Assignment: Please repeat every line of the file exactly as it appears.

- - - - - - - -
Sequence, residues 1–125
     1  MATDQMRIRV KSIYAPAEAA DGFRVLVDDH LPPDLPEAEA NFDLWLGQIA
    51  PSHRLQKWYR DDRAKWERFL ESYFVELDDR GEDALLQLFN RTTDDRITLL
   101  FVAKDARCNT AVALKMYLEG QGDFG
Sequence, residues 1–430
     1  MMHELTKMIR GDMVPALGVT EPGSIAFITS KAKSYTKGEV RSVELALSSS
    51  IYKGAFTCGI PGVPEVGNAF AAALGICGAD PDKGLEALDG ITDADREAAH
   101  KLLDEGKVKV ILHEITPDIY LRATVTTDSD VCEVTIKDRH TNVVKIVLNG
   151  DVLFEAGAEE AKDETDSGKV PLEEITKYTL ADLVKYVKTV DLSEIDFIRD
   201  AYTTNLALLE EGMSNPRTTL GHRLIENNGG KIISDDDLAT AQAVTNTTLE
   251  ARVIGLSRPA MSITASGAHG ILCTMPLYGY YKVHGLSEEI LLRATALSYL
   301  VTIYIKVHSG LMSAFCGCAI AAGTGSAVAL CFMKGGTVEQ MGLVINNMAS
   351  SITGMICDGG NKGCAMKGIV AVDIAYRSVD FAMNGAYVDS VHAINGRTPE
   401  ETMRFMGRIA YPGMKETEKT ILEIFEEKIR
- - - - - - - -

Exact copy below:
Sequence, residues 1–125
     1  MATDQMRIRV KSIYAPAEAA DGFRVLVDDH LPPDLPEAEA NFDLWLGQIA
    51  PSHRLQKWYR DDRAKWERFL ESYFVELDDR GEDALLQLFN RTTDDRITLL
   101  FVAKDARCNT AVALKMYLEG QGDFG
Sequence, residues 1–430
     1  MMHELTKMIR GDMVPALGVT EPGSIAFITS KAKSYTKGEV RSVELALSSS
    51  IYKGAFTCGI PGVPEVGNAF AAALGICGAD PDKGLEALDG ITDADREAAH
   101  KLLDEGKVKV ILHEITPDIY LRATVTTDSD VCEVTIKDRH TNVVKIVLNG
   151  DVLFEAGAEE AKDETDSGKV PLEEITKYTL ADLVKYVKTV DLSEIDFIRD
   201  AYTTNLALLE EGMSNPRTTL GHRLIENNGG KIISDDDLAT AQAVTNTTLE
   251  ARVIGLSRPA MSITASGAHG ILCTMPLYGY YKVHGLSEEI LLRATALSYL
   301  VTIYIKVHSG LMSAFCGCAI AAGTGSAVAL CFMKGGTVEQ MGLVINNMAS
   351  SITGMICDGG NKGCAMKGIV AVDIAYRSVD FAMNGAYVDS VHAINGRTPE
   401  ETMRFMGRIA YPGMKETEKT ILEIFEEKIR